Dec. 17, 2002 – The most recent employment statistics from the Labor Department, for the month of October, show the territory's jobless rate is higher than in the month following Hurricane Marilyn — 9.7 percent now versus 9.4 percent then.
And it's on the rise.
The unemployment rate surpassed the October 1995 rate for the first time this September, hitting 9.6 percent, then inched higher in October, continuing a steady increase over eight months.
For September and October, St. Croix recorded the highest percentage of people unemployed at any time in the eight years for which statistics were provided — 12 percent, which is double the national average. The 2002 figures reflect a month-to-month rise in the island's jobless rate in since February, when it stood at 9 percent.
The most recent St. Thomas-St. John district figures also are above the national average — 7.6 percent in September and 7.7 percent in October.
In actual numbers, the territory had 4,690 people looking for work in October — 2,600 of them on St. Croix, and 2,090 on St. Thomas and St. John.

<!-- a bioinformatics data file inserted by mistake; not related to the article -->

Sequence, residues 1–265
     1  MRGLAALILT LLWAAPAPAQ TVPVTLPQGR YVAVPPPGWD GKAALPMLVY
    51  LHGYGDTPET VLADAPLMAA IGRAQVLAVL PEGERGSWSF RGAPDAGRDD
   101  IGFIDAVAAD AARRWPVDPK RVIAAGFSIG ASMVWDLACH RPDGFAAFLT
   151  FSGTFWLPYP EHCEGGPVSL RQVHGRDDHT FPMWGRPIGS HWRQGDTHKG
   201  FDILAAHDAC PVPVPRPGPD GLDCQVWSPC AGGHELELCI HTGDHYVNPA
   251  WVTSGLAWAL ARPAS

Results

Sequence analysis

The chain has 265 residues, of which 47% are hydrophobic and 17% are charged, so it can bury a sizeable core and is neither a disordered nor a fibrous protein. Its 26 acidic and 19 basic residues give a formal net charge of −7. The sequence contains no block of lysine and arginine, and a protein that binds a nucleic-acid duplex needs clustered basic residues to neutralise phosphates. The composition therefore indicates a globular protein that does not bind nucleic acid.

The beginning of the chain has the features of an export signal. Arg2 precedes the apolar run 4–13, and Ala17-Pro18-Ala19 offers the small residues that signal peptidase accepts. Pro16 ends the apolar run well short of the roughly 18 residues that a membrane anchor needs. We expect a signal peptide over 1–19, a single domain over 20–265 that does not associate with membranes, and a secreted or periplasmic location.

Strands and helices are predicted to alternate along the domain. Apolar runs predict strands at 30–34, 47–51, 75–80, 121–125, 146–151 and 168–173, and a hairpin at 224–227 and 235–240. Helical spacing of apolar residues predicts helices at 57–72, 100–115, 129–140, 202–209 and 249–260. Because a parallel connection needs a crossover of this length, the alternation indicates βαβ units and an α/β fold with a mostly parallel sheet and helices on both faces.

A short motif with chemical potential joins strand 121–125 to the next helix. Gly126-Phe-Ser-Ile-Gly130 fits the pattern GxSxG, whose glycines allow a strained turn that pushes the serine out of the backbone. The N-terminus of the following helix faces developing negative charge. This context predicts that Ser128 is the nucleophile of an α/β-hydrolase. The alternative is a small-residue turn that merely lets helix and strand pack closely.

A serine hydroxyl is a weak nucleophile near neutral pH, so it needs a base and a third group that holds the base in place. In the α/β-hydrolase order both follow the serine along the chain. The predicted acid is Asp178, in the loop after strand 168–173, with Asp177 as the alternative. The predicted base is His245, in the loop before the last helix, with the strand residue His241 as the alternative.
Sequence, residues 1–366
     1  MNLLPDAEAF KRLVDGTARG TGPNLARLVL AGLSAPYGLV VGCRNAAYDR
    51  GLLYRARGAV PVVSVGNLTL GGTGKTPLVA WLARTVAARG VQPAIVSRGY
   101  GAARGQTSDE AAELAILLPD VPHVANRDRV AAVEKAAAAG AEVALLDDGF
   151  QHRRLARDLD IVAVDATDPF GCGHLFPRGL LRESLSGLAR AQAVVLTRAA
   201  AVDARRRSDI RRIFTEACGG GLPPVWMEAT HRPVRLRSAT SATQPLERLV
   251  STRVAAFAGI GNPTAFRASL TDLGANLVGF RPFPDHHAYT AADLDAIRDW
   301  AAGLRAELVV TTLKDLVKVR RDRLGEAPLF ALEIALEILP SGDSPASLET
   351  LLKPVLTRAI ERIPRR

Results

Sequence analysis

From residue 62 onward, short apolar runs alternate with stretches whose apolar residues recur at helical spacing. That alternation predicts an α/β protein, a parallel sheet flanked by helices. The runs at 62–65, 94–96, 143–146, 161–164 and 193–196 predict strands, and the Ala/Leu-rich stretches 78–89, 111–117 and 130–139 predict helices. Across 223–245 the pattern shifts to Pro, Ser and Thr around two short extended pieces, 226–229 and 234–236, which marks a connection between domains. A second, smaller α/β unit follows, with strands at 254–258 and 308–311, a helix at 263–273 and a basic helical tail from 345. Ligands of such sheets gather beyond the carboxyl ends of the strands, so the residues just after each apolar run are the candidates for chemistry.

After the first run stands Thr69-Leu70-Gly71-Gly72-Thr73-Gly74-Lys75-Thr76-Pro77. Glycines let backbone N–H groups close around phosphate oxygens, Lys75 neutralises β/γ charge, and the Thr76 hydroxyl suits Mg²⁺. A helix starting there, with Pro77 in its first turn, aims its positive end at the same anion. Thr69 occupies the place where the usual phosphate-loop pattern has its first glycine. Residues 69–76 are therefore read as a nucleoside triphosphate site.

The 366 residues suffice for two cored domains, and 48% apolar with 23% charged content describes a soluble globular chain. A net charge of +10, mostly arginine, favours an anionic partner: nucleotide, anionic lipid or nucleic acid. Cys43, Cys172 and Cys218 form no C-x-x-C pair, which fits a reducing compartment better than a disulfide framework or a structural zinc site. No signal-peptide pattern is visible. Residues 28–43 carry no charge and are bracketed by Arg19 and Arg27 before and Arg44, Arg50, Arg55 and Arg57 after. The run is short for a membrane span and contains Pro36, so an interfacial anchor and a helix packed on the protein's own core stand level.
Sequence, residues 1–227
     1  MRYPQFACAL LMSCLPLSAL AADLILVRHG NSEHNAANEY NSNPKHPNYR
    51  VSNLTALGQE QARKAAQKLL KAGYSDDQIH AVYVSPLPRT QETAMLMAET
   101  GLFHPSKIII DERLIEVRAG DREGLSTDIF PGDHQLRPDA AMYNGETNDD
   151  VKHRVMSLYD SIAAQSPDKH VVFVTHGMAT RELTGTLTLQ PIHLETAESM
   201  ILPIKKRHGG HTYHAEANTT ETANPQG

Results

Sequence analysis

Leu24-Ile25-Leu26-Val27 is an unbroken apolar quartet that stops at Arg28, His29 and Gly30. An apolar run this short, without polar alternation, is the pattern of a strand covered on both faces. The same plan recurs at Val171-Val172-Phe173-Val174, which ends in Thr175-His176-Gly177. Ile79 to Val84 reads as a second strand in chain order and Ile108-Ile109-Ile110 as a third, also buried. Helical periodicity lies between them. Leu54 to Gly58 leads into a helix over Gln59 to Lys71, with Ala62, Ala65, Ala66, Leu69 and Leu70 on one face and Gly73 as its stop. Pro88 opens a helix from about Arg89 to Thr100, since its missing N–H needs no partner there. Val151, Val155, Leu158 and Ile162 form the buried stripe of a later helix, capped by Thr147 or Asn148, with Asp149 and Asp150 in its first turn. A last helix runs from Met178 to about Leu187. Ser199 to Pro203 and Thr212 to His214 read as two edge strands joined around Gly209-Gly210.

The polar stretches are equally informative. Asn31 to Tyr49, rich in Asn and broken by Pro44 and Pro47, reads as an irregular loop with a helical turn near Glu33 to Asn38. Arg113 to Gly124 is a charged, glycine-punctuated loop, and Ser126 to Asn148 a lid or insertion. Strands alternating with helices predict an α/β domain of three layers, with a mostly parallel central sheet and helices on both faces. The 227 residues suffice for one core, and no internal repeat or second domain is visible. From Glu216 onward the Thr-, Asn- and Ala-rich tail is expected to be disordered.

The unemployment figures reflect the number of persons who have lost jobs and are actively looking for work through the Labor Department. Others who are unemployed but not receiving jobless benefits or seeking work are not included in the statistics.
Labor Commissioner Cecil Benjamin said on Tuesday that many factors contributed to the high St. Croix unemployment rate. Among them he cited economic uncertainty on the U.S. mainland after the Sept. 11, 2001, terrorist attacks and the completion of major projects at the Hovensa refinery including construction of the coker plant that was two and a half years in the making and repairs to the catalytic cracking unit.
With completion of the Hovensa projects, "Many of those people have been laid off," Benjamin said. "We have also taken a big hit in the manufacturing and construction industries on St. Croix."
Hovensa announced the layoff by its contractors of nearly a thousand workers in May and the layoff of some 600 construction workers about a hundred permanent maintenance employees in July. Swiss-owned Unitime Industries announced in October that it would be closing its St. Croix watch-assembly plant at the end of the year, putting 50 persons out of work.
Benjamin said he hopes the construction of two new casino resorts — Seven Hills on Robin Bay and the Golden Gaming project at Great Pond Bay — will provide new job opportunities and improve the island's economy. "We're very hopeful that in the near future we'll see those figures dropping," he said of the unemployment statistics.
The Labor Department provides unemployment benefits for up to six months to qualifying individuals who have been laid off. After that, Benjamin said, the individuals should be "gainfully employed."

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